So why is this Sunnah forgotten? Why is it neglected?
Why are women excluded from the ‘Eid prayer and from the mosques generally?
I still remember my first ‘Eid celebration, some six years ago, when I was a newly reborn Muslimah. How excited I was! How eagerly I awaited the end of my first ever Ramadhan and how curious I was about this new festival! Of course I read about it, I asked every Muslim I knew how they celebrated and I viewed amazing pictures of large community prayers in countries like Indonesia. I couldn’t wait to be part of it!
I spent my first ever ‘Eid in my husband’s ancestral village where women don’t go outside their homes unless covered in shuttlecock burqas and where a woman in the mosque is a definite no-no, even on ‘Eid. My first ‘Eid was fun, although it was a bit disappointing not to be able to take part in the prayer, but I didn’t lose hope. I understood the situation and its limitations. I believed that maybe next year, next ‘Eid, in some other place, I would get my chance.
Then we had ‘Eid in Islamabad. The capital city of Pakistan proudly displays the logo of Faisal Mosque on its registration plates, road signs and any official symbols. No wonder, this huge mosque designed by a Turkish architect and situated picturesquely at the foot of the Margalla Hills is the city’s best hallmark. It’s also the only mosque in the whole of Islamabad boasting a women’s section. Isn’t it curious really? Why just one? “The women should pray at home,” I heard as an oft-repeated explanation. Or “Women don’t need to go to mosques.” Or “It’s not in our culture, not in our tradition.” Tradition, really? Isn’t the Sunnah the best of traditions? No one locally ever quoted to me the famous hadith: “Do not prevent the female servants of Allah from going to the mosque of Allah.” (Muslim)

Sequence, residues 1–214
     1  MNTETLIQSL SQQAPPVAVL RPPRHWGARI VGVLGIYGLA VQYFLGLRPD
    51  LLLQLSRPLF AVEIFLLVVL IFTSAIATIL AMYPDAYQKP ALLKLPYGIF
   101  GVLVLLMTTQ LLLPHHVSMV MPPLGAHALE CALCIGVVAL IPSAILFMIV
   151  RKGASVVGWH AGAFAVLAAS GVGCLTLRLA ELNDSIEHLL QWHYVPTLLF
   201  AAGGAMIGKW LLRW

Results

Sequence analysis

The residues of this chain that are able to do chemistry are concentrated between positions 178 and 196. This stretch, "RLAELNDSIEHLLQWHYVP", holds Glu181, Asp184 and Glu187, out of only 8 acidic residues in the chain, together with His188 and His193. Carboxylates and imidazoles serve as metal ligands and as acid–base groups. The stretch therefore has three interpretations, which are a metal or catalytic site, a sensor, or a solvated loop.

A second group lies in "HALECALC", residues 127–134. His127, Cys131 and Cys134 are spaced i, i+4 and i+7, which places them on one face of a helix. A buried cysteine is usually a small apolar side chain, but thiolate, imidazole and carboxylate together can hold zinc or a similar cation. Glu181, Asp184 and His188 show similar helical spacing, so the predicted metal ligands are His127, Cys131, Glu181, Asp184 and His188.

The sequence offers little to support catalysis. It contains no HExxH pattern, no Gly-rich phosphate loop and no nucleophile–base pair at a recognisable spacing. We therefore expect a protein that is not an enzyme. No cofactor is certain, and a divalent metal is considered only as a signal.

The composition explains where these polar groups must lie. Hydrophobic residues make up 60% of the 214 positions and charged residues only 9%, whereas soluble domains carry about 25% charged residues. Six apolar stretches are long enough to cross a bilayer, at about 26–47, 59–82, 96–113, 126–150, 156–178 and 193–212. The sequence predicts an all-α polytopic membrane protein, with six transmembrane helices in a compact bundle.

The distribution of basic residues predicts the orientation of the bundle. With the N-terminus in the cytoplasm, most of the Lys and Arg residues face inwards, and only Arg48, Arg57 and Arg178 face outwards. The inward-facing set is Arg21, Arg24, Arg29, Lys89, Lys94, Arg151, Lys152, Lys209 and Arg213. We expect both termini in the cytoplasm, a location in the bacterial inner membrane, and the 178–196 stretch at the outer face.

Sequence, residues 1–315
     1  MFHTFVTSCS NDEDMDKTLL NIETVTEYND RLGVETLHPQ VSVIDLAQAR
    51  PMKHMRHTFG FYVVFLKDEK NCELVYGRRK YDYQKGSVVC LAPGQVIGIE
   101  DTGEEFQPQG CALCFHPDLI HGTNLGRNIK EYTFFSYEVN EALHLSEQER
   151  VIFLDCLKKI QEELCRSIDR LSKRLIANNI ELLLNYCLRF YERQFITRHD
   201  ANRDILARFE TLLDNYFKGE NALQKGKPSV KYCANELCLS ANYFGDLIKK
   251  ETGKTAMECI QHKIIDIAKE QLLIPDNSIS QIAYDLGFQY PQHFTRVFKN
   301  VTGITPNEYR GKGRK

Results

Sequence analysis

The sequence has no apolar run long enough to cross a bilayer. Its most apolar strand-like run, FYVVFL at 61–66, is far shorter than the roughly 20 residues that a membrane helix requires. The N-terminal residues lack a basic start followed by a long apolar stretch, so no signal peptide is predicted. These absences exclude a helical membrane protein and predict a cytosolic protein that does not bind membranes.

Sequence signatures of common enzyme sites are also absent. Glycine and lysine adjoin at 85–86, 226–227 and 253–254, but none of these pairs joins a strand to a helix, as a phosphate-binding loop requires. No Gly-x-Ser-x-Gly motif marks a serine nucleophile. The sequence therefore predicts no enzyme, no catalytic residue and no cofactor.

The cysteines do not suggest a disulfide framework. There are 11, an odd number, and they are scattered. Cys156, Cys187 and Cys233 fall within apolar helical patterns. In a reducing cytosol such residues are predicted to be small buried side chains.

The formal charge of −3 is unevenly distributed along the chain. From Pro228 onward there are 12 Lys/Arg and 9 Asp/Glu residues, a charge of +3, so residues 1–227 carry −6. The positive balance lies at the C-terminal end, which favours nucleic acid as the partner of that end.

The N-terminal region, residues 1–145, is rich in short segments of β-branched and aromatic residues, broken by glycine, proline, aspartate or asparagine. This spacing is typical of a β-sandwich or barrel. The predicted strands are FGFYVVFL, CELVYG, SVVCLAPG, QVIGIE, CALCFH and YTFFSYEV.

Alhamdulillah, Faisal Mosque goes against the cultural rules, but still I didn’t get my chance to take part in big community prayer, because, as I was told, on ‘Eid day the mosque is absolutely packed with people. It’s impossible to find a parking space, and it’s a long drive from where we live on the outskirts of Islamabad. Furthermore, it’s much more convenient if men take part in the ‘Eid prayer at the local mosque, while women stay at home and get ready.